20. Jadav, D. (2018, May 2). The STEM crisis: What the growing skills gap means for the economy and where we go from here. The Hill, Congress Blog – Education 385929. Retrieved 8-24-2018.Google Scholar
  21. Kuehn, D., & Salzman, H. (2018). The engineering labor market: an overview of recent trends. In R. B. Freeman & H. Salzman (Eds.), U.S. engineering in a global economy (pp. 11–46). Chicago, IL: University of Chicago Press.Google Scholar
  22. Korolov, M. (2018). How AI will impact your IT career: AI is fast becoming a go-to technology for business transformation, shaking up roles across the enterprise. Here’s how to make the most of this inevitable evolution. CIO.com. Retrieved 1-16-2018 from https://www.cio.com/article/3247792/careers-staffing/how-ai-will-impact-your-it-career.html.
  23. Lynn, L., Meil, P., & Salzman, H. (2012). Reshaping global technology development: innovation and entrepreneurship in China and India. Journal of Asia Business Studies, 6(2), 143–159.CrossRefGoogle Scholar
  24. Mishel, L. & Bivens, J. (2017). The zombie robot argument lurches on: there is no evidence that automation leads to joblessness or inequality. Economic Policy Institute. Report, May 24. Retrieved 8-20-2018 from https://www.epi.org/files/pdf/126750.pdf.
  25. Mozur, P. (2017). Google’s AlphaGo Defeats Chinese Go Master in Win for A.I. The New York Times May 23. Retrieved 8-15-2018 from https://www.nytimes.com/2017/05/23/business/google-deepmind-alphago-go-champion-defeat.html.Google Scholar
  26. New American Economy. (2017, March). Sizing up the gap in our supply of STEM workers. Retrieved 5-3-2017 from http://www.newamericaneconomy.org/research/sizing-up-the-gap-in-our-supply-of-stem-workers/.
  27. New American Economy. (n.d.). Innovation & STEM Fields. Retrieved 9/16/2018 from https://www.newamericaneconomy.org/issues/innovation-stem-fields/
  28. National Science Board. (2015). Revisiting the STEM workforce: a companion to science and engineering indicators 2014. Arlington, VA: National Science Foundation.Google Scholar
  29. National Academies of Sciences Engineering & Medicine. (2017). Engineering technology in the United States (chapter 4, tables 4.1 & 4.2). Washington: D.C. National Academies Press.Google Scholar
  30. National Academies of Sciences Engineering & Medicine. (2018). The next generation of biomedical and behavioral sciences researchers. Washington: D.C. National Academies Press.Google Scholar
  31. Noonan, R. (2017). STEM jobs: 2017 update. U.S. Department of Commerce Economics and Statistics Administration, Office of the Chief Economist. In Downloaded 9/13/2018 from http://www.esa.doc.gov/sites/default/files/stem-jobs-2017-update.pdf.Google Scholar
  32. OSTP. (n.d.). Executive Office of the President President’s Council of Advisors on Science and Technology.Google Scholar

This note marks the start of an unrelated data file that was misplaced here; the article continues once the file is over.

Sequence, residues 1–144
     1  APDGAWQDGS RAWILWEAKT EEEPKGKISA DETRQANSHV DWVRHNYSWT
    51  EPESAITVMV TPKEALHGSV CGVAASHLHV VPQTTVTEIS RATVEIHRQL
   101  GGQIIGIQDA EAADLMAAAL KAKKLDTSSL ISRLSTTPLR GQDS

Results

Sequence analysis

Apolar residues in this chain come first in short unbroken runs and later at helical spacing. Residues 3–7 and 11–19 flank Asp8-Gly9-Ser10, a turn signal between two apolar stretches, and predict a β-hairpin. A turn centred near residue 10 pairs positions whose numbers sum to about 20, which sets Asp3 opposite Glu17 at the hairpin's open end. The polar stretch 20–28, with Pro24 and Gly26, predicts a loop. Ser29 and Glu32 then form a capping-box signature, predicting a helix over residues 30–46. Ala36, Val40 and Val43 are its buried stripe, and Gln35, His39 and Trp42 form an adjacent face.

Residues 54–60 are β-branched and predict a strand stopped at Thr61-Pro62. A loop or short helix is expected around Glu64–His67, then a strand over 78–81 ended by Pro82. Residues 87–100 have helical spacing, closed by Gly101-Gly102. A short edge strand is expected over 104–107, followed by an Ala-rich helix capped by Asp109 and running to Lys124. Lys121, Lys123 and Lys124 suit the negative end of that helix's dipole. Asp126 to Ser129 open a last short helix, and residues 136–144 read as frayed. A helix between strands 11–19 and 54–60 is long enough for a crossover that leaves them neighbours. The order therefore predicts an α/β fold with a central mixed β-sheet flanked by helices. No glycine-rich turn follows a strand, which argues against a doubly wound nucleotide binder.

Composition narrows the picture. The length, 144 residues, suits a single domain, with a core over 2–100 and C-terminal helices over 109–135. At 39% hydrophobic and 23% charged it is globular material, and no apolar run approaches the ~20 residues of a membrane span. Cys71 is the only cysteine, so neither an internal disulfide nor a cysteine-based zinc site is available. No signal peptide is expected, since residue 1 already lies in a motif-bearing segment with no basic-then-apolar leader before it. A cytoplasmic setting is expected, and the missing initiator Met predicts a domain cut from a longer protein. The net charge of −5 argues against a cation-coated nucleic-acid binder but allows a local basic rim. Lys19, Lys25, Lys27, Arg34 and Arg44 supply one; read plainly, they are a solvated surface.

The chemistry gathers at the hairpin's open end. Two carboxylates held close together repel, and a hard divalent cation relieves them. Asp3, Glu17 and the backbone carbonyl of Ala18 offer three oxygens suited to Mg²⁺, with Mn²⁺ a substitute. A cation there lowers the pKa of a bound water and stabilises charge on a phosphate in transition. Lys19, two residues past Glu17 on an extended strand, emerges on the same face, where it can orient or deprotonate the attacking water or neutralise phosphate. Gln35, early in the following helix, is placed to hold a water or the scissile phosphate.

33. Salzman, H. (2013). What Shortages? The real evidence about the STEM workforce. Issues in Science and Technology, (Summer 2013), 58–67.Google Scholar
  34. Salzman, H. (2014, September 15), STEM grads are at a loss. U.S. news and worlds report. Downloaded 9/13/2018 from https://www.usnews.com/opinion/articles/2014/09/15/stem-graduates-cant-find-jobs.
  35. Schwab, K. (2017). The fourth industrial revolution. New York: Crown Business.Google Scholar
  36. Smith, E. (2017). Shortage or surplus? A long-term perspective on the supply of scientists and engineers in the US and the UK. Review of Education, 5(2), 171–199.CrossRefGoogle Scholar
  37. Turk-Bicakci, L., Berger, A., & Haxton, C. (2014). The non-academic careers of STEM PhD holders. Washington, DC: American Institutes for Research.Google Scholar
  38. U.S. Census Bureau. (2014). Census bureau reports majority of STEM college graduates do not work in STEM occupations. In Downloaded 9/13/2018 from https://www.census.gov/newsroom/press-releases/2014/cb14-130.html.Google Scholar
  39. U.S. House Education & Workforce Committee. (2013). Hearing highlights need for more effective STEM education programs downloaded. April 10. 9/16/2018 from https://edworkforce.house.gov/news/documentsingle.aspx?DocumentID=328081
  40. Winick, E. (2018). Every study we could find on what automation will do to jobs, in one chart. There are about as many opinions as there are experts. Technology Review. Retrieved 8-24-2018 from https://www.technologyreview.com/s/610005/every-study-we-could-find-on-what-automation-will-do-to-jobs-in-one-chart.
  41. Xue, Y. & Larson, R.C. (2015). STEM crisis or STEM surplus? Yes and yes. Monthly Labor Review, U.S. Bureau of Labor Statistics. Retrieved 8/20/2018 from https://www.bls.gov/opub/mlr/2015/article/stem-crisis-or-stem-surplus-yes-and-yes.htm.Google Scholar
  42. Zhao, Y. (2016). Counting what counts: reframing education outcomes. Solution Tree.Google Scholar
  43. Zhao, Y. (2012). World class learners: educating creative and entrepreneurial students. Thousand Oaks, CA: Corwin.Google Scholar
  44. Zhao, Y. (2018, May). Reach for greatness: personalizable education for all children. Thousand Oaks, CA: Corwin.Google Scholar

Copyright information

© Springer Nature B.V. 2018

Authors and Affiliations

  1. 1.Howard UniversityWashingtonUSA
  2. 2.Rutgers UniversityNew BrunswickUSA

Personalised recommendations